Home is where the Art is

Posted online: March 2016

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By L.D. Porter Photographs by Nancy Neil

After 20 years in Seattle, Cassandria and Jon Blackmore needed sunshine. Heading down the California coast in their fully equipped diesel motor home with their children Orionand Leona, the couple was pursuing a dream. Cassandria, an artist and California native, yearned to live by the ocean; Jon, a musician born in Tucson, fondly recalled his home state’s majestic Santa Catalina mountains. The family made several stops along the way, but when they rounded the bend from El Capitán State Beach, they knew Santa Barbara—with its mountains adjacent to the ocean—was where they wanted to stay.

Screen Shot 2016-03-03 at 9.59.41 AMAs artists accustomed to unconventional living spaces, Cassandria and Jon lived in abandoned Seattle warehouses at the height of the grunge music era and were known for salonlike parties combining local artists and musicians. Finding a comparable living situation in Santa Barbara proved daunting to say the least, but the Blackmores had luck (and persistence) on their side. Following up on an Internet listing for a photography studio, they happened upon a vintage apartment building that seemed to have been waiting for them to discover it.

Built in 1907, the Blackmores’ home combines elements of the mission revival and craftsman styles of architecture emblematic of that time period. Over the years, as the neighborhood developed around it, the building remained largely untouched, a silent witness to Santa Barbara’s modernization. Cassandria and Jon were immediately captivated by the structure’s expansive spaces with north-facing windows. “The light was golden,” she recalls, “I’ve never been to the South of France, but this is how I imagine the light being.” Better yet, the building had plenty of living space with ample room for Cassandria’s art studio. And after they started researching the building’s history, the Blackmores were convinced it was all meant to be.

The original owners Carolyn and Edwin Gledhill were renowned portrait photographers who used the building as their studio and residence, while the apartment spaces were actual studios inhabited by several well-known artists (Diego Rivera among them, see “Picture Perfect Past,” page 175). “From what we’ve understood, artists have always lived in here,” Cassandria says, and it’s clear she and Jon consider it their duty to perpetuate their home’s legacy as an art haven.

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Due to the neglect it received over the years, bringing the structure back to its art-centric existence proved challenging. Luckily, “everything was wrong in the right way,” says Jon. The couple did the majority of the restoration work themselves, and the result is sophisticated and chic, with just the right mix of quirkiness and fine art. It’s the type of environment interior designers mine for inspiration.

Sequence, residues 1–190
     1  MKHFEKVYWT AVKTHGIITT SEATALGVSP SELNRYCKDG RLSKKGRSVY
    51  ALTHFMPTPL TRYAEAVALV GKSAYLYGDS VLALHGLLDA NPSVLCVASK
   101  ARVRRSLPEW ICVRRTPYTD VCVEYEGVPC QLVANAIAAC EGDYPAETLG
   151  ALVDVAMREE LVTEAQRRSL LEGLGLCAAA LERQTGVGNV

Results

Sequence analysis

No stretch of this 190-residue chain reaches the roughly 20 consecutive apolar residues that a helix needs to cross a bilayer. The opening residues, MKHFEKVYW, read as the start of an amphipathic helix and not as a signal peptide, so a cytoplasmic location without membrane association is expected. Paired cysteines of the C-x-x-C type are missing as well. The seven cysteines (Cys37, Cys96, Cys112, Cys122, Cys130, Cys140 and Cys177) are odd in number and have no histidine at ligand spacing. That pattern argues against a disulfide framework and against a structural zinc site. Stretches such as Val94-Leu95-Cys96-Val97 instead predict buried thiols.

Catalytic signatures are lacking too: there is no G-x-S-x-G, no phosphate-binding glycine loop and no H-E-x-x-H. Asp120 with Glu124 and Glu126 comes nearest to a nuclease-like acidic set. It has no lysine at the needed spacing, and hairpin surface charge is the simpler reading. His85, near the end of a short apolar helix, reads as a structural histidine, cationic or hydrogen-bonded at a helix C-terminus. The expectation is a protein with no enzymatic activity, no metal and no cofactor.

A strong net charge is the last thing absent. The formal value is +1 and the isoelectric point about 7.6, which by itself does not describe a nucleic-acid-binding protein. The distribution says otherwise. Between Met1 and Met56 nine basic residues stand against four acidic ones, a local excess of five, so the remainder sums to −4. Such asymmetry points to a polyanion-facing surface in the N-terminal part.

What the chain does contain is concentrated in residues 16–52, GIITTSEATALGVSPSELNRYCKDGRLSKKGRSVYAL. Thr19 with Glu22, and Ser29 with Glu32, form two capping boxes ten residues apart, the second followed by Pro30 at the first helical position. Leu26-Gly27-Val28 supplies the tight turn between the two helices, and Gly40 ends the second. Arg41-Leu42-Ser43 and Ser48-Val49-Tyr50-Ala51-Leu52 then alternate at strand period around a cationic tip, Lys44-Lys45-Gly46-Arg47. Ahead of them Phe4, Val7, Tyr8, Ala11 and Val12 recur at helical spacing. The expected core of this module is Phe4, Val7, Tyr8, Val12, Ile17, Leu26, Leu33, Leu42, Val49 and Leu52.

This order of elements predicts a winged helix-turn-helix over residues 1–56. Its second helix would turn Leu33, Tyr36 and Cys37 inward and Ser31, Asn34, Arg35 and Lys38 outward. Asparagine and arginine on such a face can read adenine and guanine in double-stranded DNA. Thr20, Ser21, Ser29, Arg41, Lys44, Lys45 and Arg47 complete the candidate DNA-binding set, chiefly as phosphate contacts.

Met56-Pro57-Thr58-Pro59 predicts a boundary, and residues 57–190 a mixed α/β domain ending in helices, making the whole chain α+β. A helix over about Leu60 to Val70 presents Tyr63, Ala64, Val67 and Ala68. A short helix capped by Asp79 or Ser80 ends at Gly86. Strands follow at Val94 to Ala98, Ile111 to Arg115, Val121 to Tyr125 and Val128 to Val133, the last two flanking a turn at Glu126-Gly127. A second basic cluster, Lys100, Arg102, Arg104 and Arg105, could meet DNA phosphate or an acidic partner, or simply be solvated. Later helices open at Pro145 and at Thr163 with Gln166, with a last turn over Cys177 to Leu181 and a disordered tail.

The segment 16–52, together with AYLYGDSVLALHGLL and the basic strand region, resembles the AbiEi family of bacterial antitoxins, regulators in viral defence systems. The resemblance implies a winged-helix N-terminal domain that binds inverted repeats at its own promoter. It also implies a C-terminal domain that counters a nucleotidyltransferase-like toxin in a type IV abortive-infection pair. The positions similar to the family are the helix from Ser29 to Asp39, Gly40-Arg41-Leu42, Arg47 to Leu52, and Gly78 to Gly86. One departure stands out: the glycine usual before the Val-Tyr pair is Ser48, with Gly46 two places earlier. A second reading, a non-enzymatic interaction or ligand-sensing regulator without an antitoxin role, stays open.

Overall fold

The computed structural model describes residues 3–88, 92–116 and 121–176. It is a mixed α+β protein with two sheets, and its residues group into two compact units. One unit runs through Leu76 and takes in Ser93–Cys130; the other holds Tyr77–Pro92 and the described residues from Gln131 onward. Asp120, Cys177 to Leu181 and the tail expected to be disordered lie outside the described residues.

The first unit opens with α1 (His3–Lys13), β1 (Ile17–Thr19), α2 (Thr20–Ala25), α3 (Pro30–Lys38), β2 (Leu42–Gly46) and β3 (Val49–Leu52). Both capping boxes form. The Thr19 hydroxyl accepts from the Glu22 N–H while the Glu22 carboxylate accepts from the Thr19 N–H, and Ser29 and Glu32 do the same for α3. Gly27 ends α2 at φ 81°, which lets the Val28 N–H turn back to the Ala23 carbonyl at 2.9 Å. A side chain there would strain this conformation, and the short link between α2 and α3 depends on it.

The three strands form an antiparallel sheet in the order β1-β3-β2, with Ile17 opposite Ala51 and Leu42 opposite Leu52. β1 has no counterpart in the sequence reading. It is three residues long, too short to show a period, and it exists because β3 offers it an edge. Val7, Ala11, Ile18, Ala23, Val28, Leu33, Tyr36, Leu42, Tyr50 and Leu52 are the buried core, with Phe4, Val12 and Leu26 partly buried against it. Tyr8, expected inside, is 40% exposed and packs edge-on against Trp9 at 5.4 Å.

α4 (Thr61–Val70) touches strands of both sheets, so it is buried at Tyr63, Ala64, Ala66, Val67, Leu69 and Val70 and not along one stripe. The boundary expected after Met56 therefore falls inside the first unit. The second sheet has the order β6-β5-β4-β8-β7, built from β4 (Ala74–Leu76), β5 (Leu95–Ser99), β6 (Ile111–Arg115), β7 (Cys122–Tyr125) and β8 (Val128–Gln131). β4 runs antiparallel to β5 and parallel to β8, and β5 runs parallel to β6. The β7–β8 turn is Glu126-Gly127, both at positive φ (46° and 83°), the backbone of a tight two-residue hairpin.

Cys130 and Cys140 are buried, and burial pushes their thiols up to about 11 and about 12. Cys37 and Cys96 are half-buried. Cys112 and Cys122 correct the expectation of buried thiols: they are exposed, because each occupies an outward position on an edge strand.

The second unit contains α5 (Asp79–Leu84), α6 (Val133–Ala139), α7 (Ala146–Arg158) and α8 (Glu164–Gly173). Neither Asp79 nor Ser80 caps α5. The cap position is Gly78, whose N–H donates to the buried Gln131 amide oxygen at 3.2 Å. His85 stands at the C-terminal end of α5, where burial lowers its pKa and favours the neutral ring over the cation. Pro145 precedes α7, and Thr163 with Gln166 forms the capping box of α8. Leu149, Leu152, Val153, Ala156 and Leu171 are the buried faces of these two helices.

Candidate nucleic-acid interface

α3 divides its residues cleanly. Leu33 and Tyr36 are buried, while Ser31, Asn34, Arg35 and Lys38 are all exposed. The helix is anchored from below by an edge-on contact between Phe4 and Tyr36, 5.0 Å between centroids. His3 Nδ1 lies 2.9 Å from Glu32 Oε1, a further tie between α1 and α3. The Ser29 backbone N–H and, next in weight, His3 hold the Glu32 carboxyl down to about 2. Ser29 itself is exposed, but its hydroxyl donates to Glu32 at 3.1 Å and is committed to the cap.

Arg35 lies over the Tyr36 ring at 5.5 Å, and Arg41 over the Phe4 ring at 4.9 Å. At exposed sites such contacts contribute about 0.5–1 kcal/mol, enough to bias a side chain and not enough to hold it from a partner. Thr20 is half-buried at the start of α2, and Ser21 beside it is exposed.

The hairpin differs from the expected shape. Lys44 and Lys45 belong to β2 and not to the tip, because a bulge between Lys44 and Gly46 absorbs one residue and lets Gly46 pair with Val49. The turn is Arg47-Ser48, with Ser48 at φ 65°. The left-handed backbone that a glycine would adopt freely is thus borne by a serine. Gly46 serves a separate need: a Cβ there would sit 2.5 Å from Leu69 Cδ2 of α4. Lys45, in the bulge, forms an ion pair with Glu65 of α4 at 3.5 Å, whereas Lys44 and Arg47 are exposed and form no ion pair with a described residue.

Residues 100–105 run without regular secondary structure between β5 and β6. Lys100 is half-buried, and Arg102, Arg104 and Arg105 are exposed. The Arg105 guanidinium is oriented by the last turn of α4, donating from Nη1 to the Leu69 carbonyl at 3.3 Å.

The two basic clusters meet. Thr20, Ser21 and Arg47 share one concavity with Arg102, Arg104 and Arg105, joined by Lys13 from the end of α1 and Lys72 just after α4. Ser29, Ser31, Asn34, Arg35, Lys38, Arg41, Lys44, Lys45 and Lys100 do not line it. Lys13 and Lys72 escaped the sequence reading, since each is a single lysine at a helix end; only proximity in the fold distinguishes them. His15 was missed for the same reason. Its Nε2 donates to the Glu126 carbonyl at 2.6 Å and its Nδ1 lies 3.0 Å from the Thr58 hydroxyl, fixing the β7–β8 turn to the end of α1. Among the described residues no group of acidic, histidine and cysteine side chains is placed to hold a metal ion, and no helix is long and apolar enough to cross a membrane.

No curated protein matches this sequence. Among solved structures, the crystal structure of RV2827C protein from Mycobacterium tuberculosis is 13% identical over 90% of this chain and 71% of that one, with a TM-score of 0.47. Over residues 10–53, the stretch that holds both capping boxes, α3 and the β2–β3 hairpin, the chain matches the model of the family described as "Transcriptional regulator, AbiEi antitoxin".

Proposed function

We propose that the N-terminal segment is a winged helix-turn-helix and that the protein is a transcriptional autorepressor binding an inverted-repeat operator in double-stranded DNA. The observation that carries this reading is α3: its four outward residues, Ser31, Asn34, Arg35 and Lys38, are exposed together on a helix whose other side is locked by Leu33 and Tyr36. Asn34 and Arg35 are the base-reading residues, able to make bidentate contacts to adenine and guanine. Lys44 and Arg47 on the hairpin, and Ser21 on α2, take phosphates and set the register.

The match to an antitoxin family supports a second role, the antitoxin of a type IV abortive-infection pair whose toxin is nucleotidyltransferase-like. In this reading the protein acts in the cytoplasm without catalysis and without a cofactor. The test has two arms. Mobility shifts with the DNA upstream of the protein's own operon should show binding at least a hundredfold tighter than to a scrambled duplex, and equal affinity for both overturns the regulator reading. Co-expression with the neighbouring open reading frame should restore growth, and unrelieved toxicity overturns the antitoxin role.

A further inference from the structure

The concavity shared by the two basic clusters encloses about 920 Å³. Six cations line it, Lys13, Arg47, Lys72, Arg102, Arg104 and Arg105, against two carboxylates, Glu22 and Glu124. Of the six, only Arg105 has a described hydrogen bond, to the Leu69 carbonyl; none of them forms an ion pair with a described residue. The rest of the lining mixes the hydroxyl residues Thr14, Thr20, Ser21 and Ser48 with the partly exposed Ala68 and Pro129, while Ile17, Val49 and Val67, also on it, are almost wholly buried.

Screen Shot 2016-03-03 at 10.00.11 AMScreen Shot 2016-03-03 at 10.00.29 AMCassandria’s artwork is a constant but not overpowering presence at Casa Blackmore. “She is world known, but she’s a humble person and won’t talk about it,” says Jon. Indeed, Cassandria’s art chops are impressive: She’s a respected member of the modern studio glass movement (think Dale Chihuly) by virtue of her unique twist on verre églomisé, a traditional reverse glass painting technique. After completing a glass painting, she shatters it and painstakingly reassembles the pieces like a puzzle. The result has been described as “a sublime landscape of cracks frozen in time.”

Humility is also part of Jon’s character. When pressed, he will offhandedly admit having always played the drums, but in fact, he’s toured and recorded with numerous Seattle bands (bicycle, Anodyne, SuperDeluxe) over the years, and has been drafted to play drums on Blind Melon bassist Brad Smith’s next solo project. Add to that his art advisory skills, which emerged when collectors of Cassandria’s work would visit her Seattle studio and ask Jon to recommend other artists. Eventually, Jon opened galleries representing other artists, selling their work along with his wife’s. He’s currently the principal and director of Blackmore Projects, Jon Blackmore Fine Art with galleries in Seattle, San Francisco, Carmel-by-the-Sea, and—by appointment—Santa Barbara.

Screen Shot 2016-03-03 at 10.03.43 AMAnd there’s more to come. As Cassandria says, “We’re definitely a creative family all the way.” Daughter Leona, 8, is anxious to follow in her mother’s footsteps, having already completed half of the 10 paintings she plans to exhibit in her own art show (gummy worms will be provided at the opening). Son Orion, 11, is a born collector; at age 9, his only birthday desire was for vintage books (1920s or older). Although not particularly interested in sports, after being gifted a tennis racket by his parents, Orion managed to confound them by excelling at the sport. Coincidentally, Orion’s current bedroom happens to be where Keith Gledhill, the Gledhill’s tennis champion son (he won the 1931 NCAA Men’s Singles Championship), Screen Shot 2016-03-03 at 10.00.22 AMgrew up.

In the end, the Blackmores are living proof that some things in life are truly meant to happen. As Jon says, “I never could have dreamed this up. Let’s see, let me find a place that Diego lived in for my wife, that a tennis star lived in for my son, the ocean, the mountains, the environment…I would never even be so bold to even wish for something like this.” Adds Cassandria, “But we are big dreamers…following our passion and our art.”

[HOME & GARDEN 2016]

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